Heard Alís online album?

By Bill Rautenstrauch, The Observer December 26, 2012 09:25 am

Al MacLeod started his musical career by playing drums during a Richard Nixon rally when he was 11. MacLeod, who owns Joe Beans Coffee in La Grande, has an album of Christmas music available on the Internet music service Pandora.
Al MacLeod started his musical career by playing drums during a Richard Nixon rally when he was 11. MacLeod, who owns Joe Beans Coffee in La Grande, has an album of Christmas music available on the Internet music service Pandora.

La Grande musician Al MacLeod has a Christmas album available on Pandora Internet radio 

Local people and possibly others around the country and even the world are hearing songs on their stereos from a holiday album by Al MacLeod, and it begs a question: With all the wondrous, newfangled technology available today, who needs an agent?

MacLeod, owner of Joe Beans Coffee in downtown La Grande and a lifetime musician, recently placed the album, “Al MacLeod’s Joy to the World,”  with Pandora, one of the world’s major streaming Internet radio services.

MacLeod’s got no way of knowing how many listeners it is reaching, but he’s heard his own music coming in on the stereo at Joe Beans, and some customers have dropped by to say they’ve heard it at home.

He said that’s a thrill.

“People are hearing it as they’re gathered with their families for a nice time during the holidays, and it’s a wonderful feeling to know that I’m participating in that,” he said.

MacLeod is a Pennsylvania product who played his first musical gig — a drum performance at a Richard Nixon rally — when he was 11. He moved to Union County as a teenager in the late 1960s.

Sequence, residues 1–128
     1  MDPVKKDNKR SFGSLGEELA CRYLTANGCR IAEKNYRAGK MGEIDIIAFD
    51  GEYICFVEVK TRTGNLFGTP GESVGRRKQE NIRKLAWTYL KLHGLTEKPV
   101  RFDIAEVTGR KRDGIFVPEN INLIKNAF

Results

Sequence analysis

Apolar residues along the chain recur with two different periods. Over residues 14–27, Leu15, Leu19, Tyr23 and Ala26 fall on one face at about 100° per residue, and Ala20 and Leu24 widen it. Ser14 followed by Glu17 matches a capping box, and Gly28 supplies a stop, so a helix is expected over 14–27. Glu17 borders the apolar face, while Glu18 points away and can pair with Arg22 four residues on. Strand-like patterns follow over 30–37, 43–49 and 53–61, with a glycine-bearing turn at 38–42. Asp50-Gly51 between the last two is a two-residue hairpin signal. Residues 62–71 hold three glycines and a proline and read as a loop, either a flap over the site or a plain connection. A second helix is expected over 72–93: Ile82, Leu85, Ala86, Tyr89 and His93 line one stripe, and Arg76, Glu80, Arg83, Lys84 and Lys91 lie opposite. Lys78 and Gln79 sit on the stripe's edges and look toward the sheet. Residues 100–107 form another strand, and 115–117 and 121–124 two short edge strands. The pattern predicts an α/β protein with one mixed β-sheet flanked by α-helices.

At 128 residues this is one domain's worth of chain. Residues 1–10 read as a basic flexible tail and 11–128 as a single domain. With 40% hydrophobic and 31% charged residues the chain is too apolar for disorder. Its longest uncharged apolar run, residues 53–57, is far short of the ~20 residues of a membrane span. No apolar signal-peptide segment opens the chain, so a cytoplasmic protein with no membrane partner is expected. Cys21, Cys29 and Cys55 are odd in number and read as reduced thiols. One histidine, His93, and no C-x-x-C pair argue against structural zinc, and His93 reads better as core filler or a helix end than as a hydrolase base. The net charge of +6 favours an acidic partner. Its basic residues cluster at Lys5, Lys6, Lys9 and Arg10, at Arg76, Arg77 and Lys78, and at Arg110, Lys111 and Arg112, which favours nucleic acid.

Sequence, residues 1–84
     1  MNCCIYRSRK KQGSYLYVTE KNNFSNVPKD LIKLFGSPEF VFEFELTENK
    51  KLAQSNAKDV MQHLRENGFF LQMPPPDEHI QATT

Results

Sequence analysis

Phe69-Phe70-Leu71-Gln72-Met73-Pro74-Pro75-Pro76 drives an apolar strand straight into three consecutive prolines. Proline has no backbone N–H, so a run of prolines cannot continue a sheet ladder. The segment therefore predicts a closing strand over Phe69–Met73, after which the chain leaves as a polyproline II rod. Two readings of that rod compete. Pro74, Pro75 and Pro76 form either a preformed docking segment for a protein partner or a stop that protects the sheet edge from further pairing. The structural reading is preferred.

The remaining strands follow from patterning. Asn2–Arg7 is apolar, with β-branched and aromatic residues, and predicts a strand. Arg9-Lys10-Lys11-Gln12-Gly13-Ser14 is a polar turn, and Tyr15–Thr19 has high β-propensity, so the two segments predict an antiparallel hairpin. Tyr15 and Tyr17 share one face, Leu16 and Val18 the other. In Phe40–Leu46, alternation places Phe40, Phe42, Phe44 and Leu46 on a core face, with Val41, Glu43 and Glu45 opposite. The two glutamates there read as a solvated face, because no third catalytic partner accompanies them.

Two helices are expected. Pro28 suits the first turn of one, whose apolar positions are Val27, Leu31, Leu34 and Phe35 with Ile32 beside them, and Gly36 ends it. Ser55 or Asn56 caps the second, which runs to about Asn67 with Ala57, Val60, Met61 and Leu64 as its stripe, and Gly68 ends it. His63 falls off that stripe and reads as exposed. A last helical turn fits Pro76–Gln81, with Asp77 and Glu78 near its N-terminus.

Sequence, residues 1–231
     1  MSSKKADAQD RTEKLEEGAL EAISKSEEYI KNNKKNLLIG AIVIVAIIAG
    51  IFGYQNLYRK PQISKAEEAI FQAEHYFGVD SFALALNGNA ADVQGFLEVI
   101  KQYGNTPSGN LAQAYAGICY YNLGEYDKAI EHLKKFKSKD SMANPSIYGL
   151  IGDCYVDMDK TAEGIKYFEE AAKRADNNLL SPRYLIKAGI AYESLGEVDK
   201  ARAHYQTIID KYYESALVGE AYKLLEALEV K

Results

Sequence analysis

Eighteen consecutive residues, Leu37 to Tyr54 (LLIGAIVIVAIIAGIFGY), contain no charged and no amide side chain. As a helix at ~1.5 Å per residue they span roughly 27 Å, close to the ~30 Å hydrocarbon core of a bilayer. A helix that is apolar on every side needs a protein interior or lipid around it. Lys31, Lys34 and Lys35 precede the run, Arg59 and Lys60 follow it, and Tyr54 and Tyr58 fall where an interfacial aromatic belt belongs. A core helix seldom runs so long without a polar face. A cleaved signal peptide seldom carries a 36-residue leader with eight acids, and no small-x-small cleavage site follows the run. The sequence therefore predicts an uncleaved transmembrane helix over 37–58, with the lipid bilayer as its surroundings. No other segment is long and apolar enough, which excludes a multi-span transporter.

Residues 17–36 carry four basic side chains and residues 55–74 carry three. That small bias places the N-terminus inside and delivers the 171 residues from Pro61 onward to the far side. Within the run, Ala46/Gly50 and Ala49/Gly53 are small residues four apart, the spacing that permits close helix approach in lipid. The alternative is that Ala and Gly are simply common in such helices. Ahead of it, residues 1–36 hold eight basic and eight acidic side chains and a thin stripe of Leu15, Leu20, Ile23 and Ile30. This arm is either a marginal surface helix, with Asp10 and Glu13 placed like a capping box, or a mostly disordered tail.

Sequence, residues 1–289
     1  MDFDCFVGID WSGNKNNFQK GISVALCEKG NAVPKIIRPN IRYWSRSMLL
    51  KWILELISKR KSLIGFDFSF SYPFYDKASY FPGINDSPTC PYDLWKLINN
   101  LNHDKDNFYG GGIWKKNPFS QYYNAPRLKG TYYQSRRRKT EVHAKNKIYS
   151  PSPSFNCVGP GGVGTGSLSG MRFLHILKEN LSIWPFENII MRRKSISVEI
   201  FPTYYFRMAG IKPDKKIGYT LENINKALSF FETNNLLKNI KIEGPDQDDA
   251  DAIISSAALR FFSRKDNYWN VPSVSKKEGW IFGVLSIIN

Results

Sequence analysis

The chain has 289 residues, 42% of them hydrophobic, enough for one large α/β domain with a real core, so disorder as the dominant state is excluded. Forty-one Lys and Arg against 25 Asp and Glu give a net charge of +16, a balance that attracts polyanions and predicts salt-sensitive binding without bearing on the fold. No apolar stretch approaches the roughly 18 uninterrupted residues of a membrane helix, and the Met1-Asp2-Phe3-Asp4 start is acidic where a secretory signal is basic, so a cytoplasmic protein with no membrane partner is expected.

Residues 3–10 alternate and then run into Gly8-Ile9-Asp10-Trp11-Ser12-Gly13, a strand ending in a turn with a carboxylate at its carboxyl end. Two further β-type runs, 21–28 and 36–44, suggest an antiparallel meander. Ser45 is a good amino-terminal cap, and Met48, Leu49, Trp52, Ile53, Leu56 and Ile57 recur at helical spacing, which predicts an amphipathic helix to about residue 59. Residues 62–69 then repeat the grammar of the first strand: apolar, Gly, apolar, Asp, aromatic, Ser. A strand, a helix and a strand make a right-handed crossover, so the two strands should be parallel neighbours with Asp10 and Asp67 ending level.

He and his wife Colleen met in La Grande and and married in 1977. They moved away for awhile, then came back and operated businesses, always playing music in their spare time. Colleen MacLeod is a former Union County commissioner who now works alongside her husband at Joe Beans. The couple remains active on the local music scene.

Al MacLeod cut the Christmas album, mostly instrumental music with a heavy emphasis on acoustic guitar, a couple of years ago. He decided to try Pandora after learning that the streaming music service had a program called “Pandora for Business.” 

Users can design a tailor-made “radio station” that’s played at their business locations. MacLeod included his album on a program he compiled for Joe Beans.

As far as he’s concerned, the real beauty is that Pandora customers searching the archives for a certain artist or title are exposed to the names of other artists and songs that are similar.

MacLeod’s holiday album, for instance, might pop up if people are searching for Christmas music like that of Dean Martin or Bing Crosby. Other music he plays might show on lists compiled for people searching for blues or rock tracks.

“The nice thing about Pandora is, you play what you want,” MacLeod said. “It works on phones and car stereos. It’s a great way of hearing music you’ve never heard before.”

MacLeod said he hasn’t investigated whether he’ll get royalties, and expects that if he ever does, they’ll be small. There is a potential payoff, though, because he also sells his music via Amazon.com.

“It’s possible people will hear tracks on Pandora and the album might catch on and sell real fast at Amazon, even though I know that’s kind of like going fishing and hoping to catch a white whale or a shark,” he said.

In any case, MacLeod is happy to be living in an age of expanded possibilities. There’s always that chance an artist will make it to the top through the Internet, or at least achieve a livable success. 

The technology has lessened the need for connections.

“These days, there are a lot more artists who are 100 percent in control of their careers,” MacLeod said.